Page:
In the late 1920s, the Steiner corporation purchased and merged with the Liberty Nightshirt Company, headquartered in Baltimore. The decline in demand for nightshirts was one of the reasons for the acquisition. The same circumstances forced the company to shutter most of their other area operations. Tax squabbles with the Borough of Neptune City led them to close their long-time headquarters in Neptune City in 1939 and move to Shrewsbury, Pennsylvania. They eventually went out of business.

Mario Mirabelli and his brother Michael were running a military clothing manufacturing outfit in Elizabeth at the time when they purchased the building in 1940. They expanded their operations and won considerable government contracts during the Second World War. They produced close to $11 billion worth of military clothing during the war. The Mirabelli Company continued to win military contracts after the war. Mario Mirabelli was called to testify before Congress in the late 1950s when government suppliers were accused of forcing the company to manufacture items using second-rate materials that were deemed unusable by other government manufacturing outfits. The scandal hurt Mirabelli's business and reputation. They continued to win small government contracts until the early 1960s, but eventually sold the building and went out of business.

Flea markets were held on the first floor in the late 1960s and early 1970s. Outerama, a company founded by Zenek Lapinsky in the late 1960s, continued to manufacture suits and jackets in the building until 1975 on the 2nd and 3rd floors. The bankruptcy of many of Outerama's clients led to the company's demise. The building was shuttered in 1976 and remained so for the next 25 years.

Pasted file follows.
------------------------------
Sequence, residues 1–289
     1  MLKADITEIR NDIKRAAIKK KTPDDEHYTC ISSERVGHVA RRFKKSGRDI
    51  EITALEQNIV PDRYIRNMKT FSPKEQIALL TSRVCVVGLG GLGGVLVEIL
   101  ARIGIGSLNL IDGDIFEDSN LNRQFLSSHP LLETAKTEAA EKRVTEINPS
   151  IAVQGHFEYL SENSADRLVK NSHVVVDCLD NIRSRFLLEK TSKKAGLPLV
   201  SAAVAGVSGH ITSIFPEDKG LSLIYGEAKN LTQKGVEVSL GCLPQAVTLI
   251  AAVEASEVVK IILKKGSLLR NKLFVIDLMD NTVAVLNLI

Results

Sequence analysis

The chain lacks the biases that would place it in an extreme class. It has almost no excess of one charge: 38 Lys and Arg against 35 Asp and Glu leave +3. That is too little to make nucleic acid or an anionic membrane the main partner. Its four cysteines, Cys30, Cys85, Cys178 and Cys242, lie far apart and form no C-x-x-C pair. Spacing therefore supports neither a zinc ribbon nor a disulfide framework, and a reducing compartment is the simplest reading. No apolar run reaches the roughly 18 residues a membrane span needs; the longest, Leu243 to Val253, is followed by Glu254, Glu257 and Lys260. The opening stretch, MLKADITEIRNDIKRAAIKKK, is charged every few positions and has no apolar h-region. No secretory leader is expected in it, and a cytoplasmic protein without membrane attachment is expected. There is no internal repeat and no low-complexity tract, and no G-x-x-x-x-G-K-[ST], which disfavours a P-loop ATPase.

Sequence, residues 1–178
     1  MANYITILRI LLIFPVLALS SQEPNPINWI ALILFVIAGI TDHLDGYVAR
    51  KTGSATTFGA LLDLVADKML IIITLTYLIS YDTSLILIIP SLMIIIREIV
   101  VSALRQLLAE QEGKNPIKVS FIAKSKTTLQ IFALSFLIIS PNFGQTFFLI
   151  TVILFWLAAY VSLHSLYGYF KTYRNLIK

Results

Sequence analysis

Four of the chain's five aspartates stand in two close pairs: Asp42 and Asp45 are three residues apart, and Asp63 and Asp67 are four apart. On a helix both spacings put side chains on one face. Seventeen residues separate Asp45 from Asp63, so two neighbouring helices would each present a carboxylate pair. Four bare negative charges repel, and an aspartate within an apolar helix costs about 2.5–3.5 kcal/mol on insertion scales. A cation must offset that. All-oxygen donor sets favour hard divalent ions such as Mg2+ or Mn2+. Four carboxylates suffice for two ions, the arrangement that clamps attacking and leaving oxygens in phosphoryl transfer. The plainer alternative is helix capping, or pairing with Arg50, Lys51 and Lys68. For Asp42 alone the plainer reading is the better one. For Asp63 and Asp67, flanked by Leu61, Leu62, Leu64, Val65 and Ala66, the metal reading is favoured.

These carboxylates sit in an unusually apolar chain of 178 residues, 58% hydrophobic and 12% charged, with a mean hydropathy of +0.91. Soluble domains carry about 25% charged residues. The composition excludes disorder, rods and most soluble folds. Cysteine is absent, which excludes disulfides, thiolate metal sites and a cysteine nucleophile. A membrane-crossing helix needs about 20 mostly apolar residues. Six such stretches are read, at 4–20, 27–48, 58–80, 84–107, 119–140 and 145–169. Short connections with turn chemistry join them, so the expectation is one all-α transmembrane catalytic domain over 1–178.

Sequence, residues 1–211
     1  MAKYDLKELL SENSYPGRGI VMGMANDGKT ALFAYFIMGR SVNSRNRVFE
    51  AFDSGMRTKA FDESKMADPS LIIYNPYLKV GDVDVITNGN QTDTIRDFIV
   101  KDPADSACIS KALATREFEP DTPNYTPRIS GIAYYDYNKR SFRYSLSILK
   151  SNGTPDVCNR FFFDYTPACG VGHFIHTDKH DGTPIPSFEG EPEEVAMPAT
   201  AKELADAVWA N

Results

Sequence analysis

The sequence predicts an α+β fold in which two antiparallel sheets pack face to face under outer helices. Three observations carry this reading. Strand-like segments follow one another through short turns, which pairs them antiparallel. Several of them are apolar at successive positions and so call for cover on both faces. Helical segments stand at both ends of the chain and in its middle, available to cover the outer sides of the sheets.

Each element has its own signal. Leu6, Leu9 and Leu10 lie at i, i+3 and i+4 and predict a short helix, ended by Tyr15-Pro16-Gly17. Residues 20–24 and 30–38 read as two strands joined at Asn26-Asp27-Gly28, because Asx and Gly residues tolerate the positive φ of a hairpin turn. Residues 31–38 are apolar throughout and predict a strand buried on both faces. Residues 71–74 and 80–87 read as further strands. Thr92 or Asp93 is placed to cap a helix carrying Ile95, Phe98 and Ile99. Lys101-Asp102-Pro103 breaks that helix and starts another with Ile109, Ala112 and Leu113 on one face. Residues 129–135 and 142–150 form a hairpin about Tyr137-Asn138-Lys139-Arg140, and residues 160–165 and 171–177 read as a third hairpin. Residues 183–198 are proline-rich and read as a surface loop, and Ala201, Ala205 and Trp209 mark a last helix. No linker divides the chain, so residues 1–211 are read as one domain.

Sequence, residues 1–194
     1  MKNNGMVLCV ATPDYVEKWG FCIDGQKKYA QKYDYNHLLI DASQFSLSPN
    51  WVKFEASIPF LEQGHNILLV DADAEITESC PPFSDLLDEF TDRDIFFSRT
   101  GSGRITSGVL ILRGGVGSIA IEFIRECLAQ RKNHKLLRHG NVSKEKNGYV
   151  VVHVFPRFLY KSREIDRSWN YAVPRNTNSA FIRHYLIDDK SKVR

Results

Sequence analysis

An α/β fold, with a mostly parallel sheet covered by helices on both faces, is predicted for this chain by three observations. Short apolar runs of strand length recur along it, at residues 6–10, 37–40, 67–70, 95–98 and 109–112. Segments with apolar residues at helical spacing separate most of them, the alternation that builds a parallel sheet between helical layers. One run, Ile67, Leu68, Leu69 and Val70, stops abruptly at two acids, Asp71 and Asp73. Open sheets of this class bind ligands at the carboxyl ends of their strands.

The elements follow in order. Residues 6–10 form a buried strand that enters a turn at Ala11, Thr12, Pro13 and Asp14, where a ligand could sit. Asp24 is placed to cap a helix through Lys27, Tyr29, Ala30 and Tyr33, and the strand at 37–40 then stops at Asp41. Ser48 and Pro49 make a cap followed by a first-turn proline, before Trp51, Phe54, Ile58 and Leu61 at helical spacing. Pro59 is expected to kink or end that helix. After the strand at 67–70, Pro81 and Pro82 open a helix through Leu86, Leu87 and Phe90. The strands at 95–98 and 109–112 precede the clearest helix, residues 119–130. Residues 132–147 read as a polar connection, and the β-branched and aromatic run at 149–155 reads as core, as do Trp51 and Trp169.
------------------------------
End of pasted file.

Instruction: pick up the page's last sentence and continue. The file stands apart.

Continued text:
For nearly 20 years, the Borough of Neptune City sought to have the property revamped. In the early 1990s plans were underway to convert the building to retail shops and apartments, but funding was short, and the Borough foreclosed on the owners before they could realize their goal. In 2000, the building was razed and condominiums were constructed. A demolition crane was destroyed when it fell into the side of the building during the wrecking-ball operations. The Charline Motel


Neptune City has only one church, the Memorial United Methodist Church.


The Neptune City Community Center offers a recreation center with a gym, game room, exercise room, computer room, TV room, and a special occasion room. Neptune City also owns four parks, Memorial Park which is located along the Shark River, Laird Avenue Park, the first playground built in Neptune City, Joe Freida Park, which is located on Third Avenue, and Adams Field, which is located on West Sylvania Avenue.

Notable residents

Notable current and former residents of Neptune City include:


  1. ^ a b 2005 New Jersey Legislative District Data Book, Rutgers University Edward J. Bloustein School of Planning and Public Policy, April 2005, p. 58.
  2. ^ Borough Directory, Borough of Neptune City. Accessed May 27, 2011.
  3. ^ a b "Race, Hispanic or Latino, Age, and Housing Occupancy: 2010 Census Redistricting Data (Public Law 94-171) Summary File (QT-PL), Neptune City borough, New Jersey". U.S. Census Bureau, American FactFinder 2. Retrieved September 1, 2011.